To mark the 20th anniversary of the attacks that took the lives of nearly 3,000 people on Sept. 11, 2001, the city of Scottsdale is hosting a free 9/11 memorial tribute.
The tribute will run Sept. 3-12, at the Scottsdale Center for the Performing Arts, 7380 E. 2nd St. The center is open Tuesday-Saturday from 11 a.m. to 6 p.m. and Sundays from noon-5 p.m.
There will be a special ceremony on Sept. 11. The reading of the names of those who lost their lives begins at 1 p.m. in the atrium. The 9/11 Remembrance ceremony begins at 3 p.m. in the adjacent Virginia G. Piper Theater.
The tribute includes a pop-up museum in the center’s atrium. The exhibition features the National Unity Flag, photos and video from 9/11, and supersized props of the Twin Towers, Pentagon, plane wing and large metal flag made of steel, brass and polycarbonate.
These specially-built models will display a memorial card of every individual who lost their life on Sept. 11 in the attacks. The memorial cards were created and donated by Scottsdale resident Lisa Vella and printed and laminated by New York City resident David Jurist.
This year, the display will also feature memorial wreaths from city of Scottsdale departments, as well as other service organizations and groups. The intent of the wreaths is to honor the memory of the event as well as recognize the importance that the day is also known as a Day of Service.
“On this 20th anniversary of the horrors of 9/11, I am reminded of the selfless contributions that shaped the nations response to Americans in need,” said Scottsdale Fire Chief Tom Shannon. “Sept. 11 is now a National Day of Service. It is important that we honor those who have fallen through acts of charity and kindness. We must again bring unity through doing something good for others.”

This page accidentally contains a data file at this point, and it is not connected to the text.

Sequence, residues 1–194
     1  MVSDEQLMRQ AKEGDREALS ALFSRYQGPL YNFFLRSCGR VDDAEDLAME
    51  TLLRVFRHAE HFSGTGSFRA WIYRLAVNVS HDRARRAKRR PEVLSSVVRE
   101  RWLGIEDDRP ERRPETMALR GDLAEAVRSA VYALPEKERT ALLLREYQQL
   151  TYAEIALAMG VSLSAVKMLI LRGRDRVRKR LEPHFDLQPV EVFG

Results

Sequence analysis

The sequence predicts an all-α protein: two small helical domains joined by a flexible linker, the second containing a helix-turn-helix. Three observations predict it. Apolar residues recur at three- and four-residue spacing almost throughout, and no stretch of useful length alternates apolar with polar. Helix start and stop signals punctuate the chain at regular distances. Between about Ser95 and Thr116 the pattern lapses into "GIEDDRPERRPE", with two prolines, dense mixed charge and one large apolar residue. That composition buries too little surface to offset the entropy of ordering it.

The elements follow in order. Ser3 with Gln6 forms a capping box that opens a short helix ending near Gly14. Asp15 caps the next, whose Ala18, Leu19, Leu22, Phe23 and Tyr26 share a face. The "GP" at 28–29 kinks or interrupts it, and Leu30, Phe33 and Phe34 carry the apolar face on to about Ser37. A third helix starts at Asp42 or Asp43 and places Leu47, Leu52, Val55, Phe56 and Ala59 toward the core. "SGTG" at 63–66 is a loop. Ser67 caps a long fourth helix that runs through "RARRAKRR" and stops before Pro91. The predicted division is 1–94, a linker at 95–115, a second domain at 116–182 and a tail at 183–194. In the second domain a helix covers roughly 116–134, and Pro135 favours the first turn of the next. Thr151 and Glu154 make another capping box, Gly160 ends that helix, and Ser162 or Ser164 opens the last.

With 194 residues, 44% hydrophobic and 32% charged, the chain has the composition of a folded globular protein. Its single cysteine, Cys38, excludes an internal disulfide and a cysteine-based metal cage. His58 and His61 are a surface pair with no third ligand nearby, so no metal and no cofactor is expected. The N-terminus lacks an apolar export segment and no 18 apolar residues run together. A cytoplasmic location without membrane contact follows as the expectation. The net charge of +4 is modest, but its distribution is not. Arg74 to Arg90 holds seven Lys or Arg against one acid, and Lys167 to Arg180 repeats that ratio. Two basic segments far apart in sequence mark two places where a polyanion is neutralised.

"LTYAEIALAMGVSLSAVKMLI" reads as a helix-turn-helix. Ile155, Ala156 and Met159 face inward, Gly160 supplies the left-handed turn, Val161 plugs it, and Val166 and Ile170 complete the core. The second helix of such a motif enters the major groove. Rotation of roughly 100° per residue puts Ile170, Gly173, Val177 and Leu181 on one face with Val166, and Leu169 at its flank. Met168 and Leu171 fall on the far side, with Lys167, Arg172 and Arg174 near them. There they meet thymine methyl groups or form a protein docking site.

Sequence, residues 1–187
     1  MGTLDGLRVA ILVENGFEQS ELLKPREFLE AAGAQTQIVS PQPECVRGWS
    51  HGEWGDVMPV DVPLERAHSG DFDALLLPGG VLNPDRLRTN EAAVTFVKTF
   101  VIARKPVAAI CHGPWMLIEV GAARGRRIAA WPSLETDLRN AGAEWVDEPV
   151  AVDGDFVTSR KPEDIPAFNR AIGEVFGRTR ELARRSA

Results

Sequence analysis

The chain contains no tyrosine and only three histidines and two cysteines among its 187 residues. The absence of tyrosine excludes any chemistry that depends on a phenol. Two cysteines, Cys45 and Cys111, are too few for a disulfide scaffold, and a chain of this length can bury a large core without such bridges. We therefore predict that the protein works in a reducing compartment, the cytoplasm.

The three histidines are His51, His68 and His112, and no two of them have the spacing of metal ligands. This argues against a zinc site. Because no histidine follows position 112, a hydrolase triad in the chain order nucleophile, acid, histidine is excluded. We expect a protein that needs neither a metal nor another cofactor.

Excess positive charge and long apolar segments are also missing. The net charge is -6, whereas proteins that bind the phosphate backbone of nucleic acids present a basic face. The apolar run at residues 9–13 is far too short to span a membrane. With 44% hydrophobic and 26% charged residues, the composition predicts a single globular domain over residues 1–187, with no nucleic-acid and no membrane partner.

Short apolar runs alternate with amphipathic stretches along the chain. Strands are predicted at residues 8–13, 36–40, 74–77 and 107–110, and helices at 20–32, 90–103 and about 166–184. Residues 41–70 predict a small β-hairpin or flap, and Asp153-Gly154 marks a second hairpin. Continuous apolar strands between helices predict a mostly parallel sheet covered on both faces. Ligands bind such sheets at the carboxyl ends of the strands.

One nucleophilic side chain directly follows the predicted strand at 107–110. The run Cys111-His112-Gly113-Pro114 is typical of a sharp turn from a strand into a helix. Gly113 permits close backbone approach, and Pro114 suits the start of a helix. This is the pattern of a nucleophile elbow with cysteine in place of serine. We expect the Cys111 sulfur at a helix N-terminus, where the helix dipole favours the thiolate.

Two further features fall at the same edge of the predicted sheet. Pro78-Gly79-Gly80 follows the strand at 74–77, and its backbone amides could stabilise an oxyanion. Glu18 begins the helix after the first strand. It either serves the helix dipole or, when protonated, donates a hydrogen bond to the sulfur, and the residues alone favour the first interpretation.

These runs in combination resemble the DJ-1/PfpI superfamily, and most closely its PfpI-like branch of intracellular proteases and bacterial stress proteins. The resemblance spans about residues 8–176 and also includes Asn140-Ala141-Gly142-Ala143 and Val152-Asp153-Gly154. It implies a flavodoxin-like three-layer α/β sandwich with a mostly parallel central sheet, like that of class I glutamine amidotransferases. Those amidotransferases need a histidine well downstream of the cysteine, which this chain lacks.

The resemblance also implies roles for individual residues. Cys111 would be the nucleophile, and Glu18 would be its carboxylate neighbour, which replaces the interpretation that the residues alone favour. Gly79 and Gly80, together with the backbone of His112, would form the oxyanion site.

Independent archives include a 2016 story about the making of Scottsdale’s Sept. 11 memorial props, then made to honor the 15th anniversary of 9/11.
At that time, a seven-man crew comprised of city construction workers created supersized props of the Twin Towers, Pentagon, plane wing and large metal flag — made of steel, brass and polycarbonate. The crew who made these items were responsible for 550 city facilities and 41 parks at that time.
Maintenance worker Andrew Dorame created sketches and prototypes of the items; archives report he spent several hours looking for ways to honor the fallen.
The Independent reported that the airplane wing has the names of those lost on the four airplanes; and the Pentagon and Twin Towers has the names of those lost inside the buildings.
Dorame put research, time and effort into building the props to represent those lost, he told the Independent at that time.
“The Twin Towers, we tried to have something to represent all the people that were lost there and all the actual times,” Dorame said in 2016.
“The original towers actually were a couple of feet different in height so I came up with 18-foot-4 (inches), and sixth-eighths, because the first tower went down at 8:46, and the second tower is going to be 19-feet-3 (inches) because it went down at 9:03.”
Dorame created the Pentagon replica to be 125 inches in outside diameter to honor the 125 people lost at that site. The plane wing represents United Airlines Flight 93, the fourth plane that went down in a field in Philadelphia.
“I really enjoy it. I like larger projects like this where we can use our creative talents,” Dorame said in 2016. “I think about it a tremendous amount, trying to find a way to incorporate numbers into the construction of it; just trying to honor those people.”